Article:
Good morning, MTs. Hope you all had a good weekend.
In serious news, it seems as though Chinese hackers have broken into the website for the Melbourne Film Festival because the festival will screen a documentary about exiled Uighur leader, Rebiya Kadeer. The festival and its authorities have been under a lot of pressure from the Chinese government to pull the documentary and rescind an invitation to Kadeer, actions that the festival have declined to take. It’s troubling, to say the least.
Yesterday], two days after the Melbourne international festival opened, hackers replaced programme information with the Chinese flag and anti-Kadeer slogans and sent spam emails in an attempt to crash the site, according to reports in the Australian press.
“We like film but we hate Rebiya Kadeer,” one message said, demanding an apology to the Chinese people.
The festival director, Richard Moore, said staff had been bombarded with abusive emails after he rebuffed demands from the Chinese government to drop the film about Kadeer, The 10 Conditions of Love, and cancel her invitation to the festival.
“The language has been vile,” Moore told the Melbourne Age. “It is obviously a concerted campaign to get us because we’ve refused to comply with the Chinese government’s demands.”
He said the festival had reported the attacks, which appear to be coming from a Chinese internet protocol address, and was discussing security concerns with Victoria’s state police. Private security guards are being hired to protect Kadeer and other patrons at the film’s screening on August 8.
Here in Australia, the show MasterChef Australia was a huge hit, garnering the highest ratings seen in years for any television broadcasts outside of sporting events. It’s no surprise that the show will be renewed for a second season, plus a celebrity version, and now, apparently, the network that runs the show are considering a children’s version as well:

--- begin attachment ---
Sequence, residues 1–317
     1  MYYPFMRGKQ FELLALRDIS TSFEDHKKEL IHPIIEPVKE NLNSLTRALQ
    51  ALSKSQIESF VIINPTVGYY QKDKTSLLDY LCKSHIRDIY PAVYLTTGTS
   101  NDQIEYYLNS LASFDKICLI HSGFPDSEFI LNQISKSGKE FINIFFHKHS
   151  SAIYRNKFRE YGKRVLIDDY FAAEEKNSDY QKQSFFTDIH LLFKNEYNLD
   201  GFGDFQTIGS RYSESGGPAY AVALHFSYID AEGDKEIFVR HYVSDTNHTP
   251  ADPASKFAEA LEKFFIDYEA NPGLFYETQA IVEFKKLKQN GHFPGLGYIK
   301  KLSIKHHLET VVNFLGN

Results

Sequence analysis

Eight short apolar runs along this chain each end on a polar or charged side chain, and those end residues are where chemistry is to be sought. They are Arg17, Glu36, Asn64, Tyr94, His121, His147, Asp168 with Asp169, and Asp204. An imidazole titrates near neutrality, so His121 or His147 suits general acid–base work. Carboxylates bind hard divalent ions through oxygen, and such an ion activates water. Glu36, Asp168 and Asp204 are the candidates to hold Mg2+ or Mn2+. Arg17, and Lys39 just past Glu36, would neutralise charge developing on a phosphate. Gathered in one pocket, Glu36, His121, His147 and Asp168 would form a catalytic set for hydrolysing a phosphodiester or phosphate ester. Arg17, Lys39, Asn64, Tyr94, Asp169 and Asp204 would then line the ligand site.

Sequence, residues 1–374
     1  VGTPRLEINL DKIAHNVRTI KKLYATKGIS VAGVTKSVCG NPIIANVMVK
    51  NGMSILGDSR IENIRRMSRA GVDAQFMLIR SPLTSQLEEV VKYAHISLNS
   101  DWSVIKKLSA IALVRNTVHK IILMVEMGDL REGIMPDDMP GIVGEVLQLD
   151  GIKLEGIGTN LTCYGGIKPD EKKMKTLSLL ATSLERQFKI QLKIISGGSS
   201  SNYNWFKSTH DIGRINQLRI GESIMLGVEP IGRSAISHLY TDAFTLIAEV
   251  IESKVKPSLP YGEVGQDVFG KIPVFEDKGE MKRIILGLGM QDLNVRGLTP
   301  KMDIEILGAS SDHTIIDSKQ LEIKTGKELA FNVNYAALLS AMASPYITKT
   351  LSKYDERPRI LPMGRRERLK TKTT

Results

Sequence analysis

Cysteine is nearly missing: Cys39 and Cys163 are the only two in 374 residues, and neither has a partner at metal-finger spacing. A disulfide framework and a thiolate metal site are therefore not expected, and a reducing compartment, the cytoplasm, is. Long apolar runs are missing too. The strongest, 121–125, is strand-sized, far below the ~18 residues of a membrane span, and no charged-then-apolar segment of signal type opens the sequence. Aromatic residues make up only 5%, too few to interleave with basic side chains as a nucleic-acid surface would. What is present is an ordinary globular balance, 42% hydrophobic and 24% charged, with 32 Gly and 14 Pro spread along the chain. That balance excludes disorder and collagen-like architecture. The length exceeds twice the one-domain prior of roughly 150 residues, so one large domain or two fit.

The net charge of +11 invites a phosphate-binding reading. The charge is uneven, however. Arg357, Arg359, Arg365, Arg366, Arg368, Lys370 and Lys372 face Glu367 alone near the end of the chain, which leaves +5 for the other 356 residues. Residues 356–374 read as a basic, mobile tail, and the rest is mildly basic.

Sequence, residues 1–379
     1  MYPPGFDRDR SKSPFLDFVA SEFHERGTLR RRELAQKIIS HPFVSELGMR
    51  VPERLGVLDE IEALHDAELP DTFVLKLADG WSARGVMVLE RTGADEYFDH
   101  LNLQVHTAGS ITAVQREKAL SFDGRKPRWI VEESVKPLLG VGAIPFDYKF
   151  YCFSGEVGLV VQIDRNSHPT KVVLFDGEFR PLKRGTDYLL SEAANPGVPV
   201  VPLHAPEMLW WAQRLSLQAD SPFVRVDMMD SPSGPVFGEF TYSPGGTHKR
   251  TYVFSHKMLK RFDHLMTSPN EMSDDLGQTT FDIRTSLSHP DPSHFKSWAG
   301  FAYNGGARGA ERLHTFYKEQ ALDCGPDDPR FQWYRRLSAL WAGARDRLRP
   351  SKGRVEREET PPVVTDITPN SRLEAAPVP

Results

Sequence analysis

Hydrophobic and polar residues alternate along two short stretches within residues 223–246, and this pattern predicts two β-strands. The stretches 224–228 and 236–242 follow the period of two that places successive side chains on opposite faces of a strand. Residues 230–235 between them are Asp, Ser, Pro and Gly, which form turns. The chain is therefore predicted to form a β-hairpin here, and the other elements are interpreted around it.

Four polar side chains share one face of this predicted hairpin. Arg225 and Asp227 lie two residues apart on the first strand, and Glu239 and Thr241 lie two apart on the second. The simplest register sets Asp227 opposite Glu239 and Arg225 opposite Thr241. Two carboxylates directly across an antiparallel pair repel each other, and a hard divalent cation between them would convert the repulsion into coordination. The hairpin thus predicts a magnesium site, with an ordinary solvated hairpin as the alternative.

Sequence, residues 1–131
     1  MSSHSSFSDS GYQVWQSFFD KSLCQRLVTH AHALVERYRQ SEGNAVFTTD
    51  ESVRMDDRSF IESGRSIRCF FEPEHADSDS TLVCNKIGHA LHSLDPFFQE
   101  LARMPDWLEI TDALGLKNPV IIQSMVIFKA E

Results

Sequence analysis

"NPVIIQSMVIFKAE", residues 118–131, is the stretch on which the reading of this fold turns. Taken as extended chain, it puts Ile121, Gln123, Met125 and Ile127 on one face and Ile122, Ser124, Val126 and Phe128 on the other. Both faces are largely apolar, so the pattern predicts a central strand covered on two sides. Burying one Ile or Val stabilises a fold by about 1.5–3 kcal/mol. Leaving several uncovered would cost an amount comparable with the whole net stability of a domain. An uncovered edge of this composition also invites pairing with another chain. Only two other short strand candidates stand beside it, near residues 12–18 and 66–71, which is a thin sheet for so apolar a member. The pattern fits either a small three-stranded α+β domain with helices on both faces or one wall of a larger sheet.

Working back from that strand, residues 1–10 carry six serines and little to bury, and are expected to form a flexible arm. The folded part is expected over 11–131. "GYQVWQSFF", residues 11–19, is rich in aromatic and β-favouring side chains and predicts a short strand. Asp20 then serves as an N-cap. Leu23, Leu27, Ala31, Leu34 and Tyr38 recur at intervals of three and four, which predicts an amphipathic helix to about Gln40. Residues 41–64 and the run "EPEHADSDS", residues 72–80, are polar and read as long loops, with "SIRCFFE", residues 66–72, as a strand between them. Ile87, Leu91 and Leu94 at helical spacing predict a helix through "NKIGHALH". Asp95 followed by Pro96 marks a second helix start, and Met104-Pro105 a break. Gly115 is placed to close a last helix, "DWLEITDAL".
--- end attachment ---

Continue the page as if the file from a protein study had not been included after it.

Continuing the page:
FOR a child of nine, Clara Oxley thinks she’s a pretty hot prospect when the pressure is on in the kitchen.
Like the champs from TV series MasterChef, she and her brother Nicholas, 11, regularly team up with one of their parents each and compete to bake cakes for her older sister to judge.
But now she’s eager to take on some of the nation’s youngest aspiring chefs when Channel 10 cashes in on the success of MasterChef Australia with a children’s spin-off.
Clara, from Randwick in Sydney’s eastern suburbs, is one of the many children who have been captivated by the MasterChef show.
Ten programming chief David Mott admits the network was initially surprised by the interest in the series by children.
But unexpectedly, the show caught the imagination of the entire family and had taught many youngsters the value of good eating, team-building and the importance of accepting constructive criticism, he said.
Although the network’s priority is a one-day-a-week celebrity version of the hit show, executives are already discussing the possibility of a children’s MasterChef series.
Jess and I watched a fair few episodes of MasterChef and really enjoyed it – Jess, who loves to cook, asked a ton of questions on techniques and foods, and thanks to the week where contestants went to Hong Kong to learn how to make dim sum and Hong Kong’s exquisite cuisine, wants to go there to eat “the little pork dumpling thingies.“ What do you think, MTs? Are shows like this good for kids, benign, or evil, evil, evil?
Finally, I’ve long been a fan of Martha Stewart – to me, she’s one of the canniest operators in business today. I read a recent article outlining how she uses Twitter with great interest. By posting 140 character recipes (recent ones included rack of lamb and pico de gallo), Stewart has built a hefty following.
“With minimal effort—and I really mean it: I spend less than five minutes a day on Twitter—I have been able to garner over 1 million followers in a 4½-month period, with very few tweets, by the way,“ Stewart told me.
“You have to sort of look at the different accounts and compare,“ she said, adding that, proportionately, she has been getting substantially more bang for the tweet than Sean Combs (Twitter name “iamdiddy“) and Ashton Kutcher (aka “aplusk“). If you do the math on a per-tweet basis, Martha is twice as popular as Ashton and more than three times as popular as Diddy.
I’d be very interested to see how her Twitter following translates into viewers or subscribers. I don’t have a Twitter account – can’t see the reason for it yet, but if I owned a media business, I’d do it. How about you – do you Twitter? Why and have you been satisfied with the outcome?